Unlike most of the console racing wheels released lately, the Driving Force Pro does not feature a lap grip, so you are going to need a flat surface to mount the wheel for best results. While this normally isnít a problem for PC racing, having a table or desk in front of you for console gaming isnít as frequent.
Aesthetics - 10
The Driving Force Pro is easily the nicest and most luxurious wheel I have had the privilege of using since the MOMO Racing Force for the PC (another Logitech product). In fact, the Driving Force Pro is quite similar to the design of that PC wheel, both in style and quality.
The faux-leather wheel is a substantial 10 inches with a T-shaped centerpiece that contains a D-pad on the left and traditional PS2 face buttons on the right. The R1 and L1 buttons are mapped to the pair of butterfly paddles located behind the wheel while R2, L2, R3, and L3 are located around the center hub. Everything is very accessible and doesnít detract from the driving experience.
A pair of indicator lights lets you know when the wheel is properly calibrated and also which mode (200/900) you are in. There is no toggle to switch modes, the wheel will auto-detect any game that supports 900-degree steering and automatically switch to that mode.
The stick shift is extremely well designed with a nice big round knob giving you a perfect grip for crunching those gears as you wind around the track. The gas and brake pedals are a perfect match for the wheel and are mounted on a nice platform that features carpet grips to keep the base from sliding around. Nice touch.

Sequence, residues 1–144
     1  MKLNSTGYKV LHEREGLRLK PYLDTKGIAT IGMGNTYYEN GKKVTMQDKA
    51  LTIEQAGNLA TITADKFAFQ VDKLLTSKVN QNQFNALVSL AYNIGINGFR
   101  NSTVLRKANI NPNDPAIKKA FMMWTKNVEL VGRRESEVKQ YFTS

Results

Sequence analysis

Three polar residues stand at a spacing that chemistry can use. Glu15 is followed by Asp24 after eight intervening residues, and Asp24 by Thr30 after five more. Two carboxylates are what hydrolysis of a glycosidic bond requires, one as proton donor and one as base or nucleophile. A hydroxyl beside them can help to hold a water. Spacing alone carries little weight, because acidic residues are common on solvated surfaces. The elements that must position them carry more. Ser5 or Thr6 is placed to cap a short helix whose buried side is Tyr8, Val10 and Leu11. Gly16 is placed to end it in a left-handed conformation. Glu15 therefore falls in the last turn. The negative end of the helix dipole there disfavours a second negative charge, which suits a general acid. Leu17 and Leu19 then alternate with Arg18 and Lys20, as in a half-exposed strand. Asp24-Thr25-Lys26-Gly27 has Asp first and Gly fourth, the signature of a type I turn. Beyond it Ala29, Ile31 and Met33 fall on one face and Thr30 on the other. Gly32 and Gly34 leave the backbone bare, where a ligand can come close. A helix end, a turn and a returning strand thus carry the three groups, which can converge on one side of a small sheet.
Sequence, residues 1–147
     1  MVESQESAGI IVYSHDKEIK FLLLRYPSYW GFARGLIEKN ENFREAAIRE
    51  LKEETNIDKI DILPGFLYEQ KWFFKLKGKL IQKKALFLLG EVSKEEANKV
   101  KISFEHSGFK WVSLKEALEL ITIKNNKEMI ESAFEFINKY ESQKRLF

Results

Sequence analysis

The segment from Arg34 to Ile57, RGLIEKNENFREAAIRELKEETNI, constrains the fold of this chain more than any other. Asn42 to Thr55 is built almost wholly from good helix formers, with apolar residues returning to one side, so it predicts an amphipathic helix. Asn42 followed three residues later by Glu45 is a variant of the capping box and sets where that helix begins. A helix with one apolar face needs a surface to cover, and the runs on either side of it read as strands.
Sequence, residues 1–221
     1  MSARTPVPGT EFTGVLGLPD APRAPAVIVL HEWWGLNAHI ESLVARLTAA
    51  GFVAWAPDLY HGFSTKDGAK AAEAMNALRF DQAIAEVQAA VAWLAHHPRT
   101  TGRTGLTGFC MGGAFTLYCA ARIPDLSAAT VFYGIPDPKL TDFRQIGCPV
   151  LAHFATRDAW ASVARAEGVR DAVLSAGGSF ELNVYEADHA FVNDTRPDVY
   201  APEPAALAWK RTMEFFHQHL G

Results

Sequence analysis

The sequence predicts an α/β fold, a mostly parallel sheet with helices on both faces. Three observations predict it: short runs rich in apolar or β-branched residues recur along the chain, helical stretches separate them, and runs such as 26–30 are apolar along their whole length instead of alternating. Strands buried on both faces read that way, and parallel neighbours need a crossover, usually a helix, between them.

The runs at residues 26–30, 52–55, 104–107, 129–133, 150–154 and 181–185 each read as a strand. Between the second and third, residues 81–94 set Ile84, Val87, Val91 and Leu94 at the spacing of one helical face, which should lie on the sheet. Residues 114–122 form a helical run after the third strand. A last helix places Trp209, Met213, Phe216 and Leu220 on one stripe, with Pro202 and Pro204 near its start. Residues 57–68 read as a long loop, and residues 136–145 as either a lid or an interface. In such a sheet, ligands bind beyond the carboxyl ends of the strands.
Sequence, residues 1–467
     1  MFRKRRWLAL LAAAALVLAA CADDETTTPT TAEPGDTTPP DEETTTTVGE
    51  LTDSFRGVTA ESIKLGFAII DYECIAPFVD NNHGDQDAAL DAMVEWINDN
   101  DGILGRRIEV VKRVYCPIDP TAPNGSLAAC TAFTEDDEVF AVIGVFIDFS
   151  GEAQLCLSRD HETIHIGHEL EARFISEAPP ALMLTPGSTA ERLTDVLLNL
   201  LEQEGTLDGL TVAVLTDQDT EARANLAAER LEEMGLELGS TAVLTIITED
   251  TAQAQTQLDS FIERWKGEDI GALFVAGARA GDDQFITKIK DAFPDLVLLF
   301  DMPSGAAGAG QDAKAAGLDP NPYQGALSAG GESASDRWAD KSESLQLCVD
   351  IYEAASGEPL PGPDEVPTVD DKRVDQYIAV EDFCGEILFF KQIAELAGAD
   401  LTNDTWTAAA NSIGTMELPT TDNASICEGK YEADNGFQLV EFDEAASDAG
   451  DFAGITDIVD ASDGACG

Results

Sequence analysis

Durability - 10
Everything about the Driving Force Pro radiates quality. The wheel and pedals all have a solid feel and substantial weight about them. The rotation of the wheel is smooth and precise and the pedals offer a good resistance without being too stiff. There is a nice defined click to the shifter and even the paddles are well designed. Iím often afraid I will snap these things off but not on this wheel.
The wheel offers some impressively violent force feedback, which can often lead to some loosening of the equipment over time. I put the Driving Force Pro through about 30 hours of rigorous testing and the wheel was just as solid when I was finished as when I had removed it from the box.
Performance - 10
The list of games that will work with the Driving Force Pro is too lengthy to reprint here, but there is only one game (so far) that supports the 900-degree mode and itís not available yet. You can be sure that when GT4 does ship we will be expanding upon this review.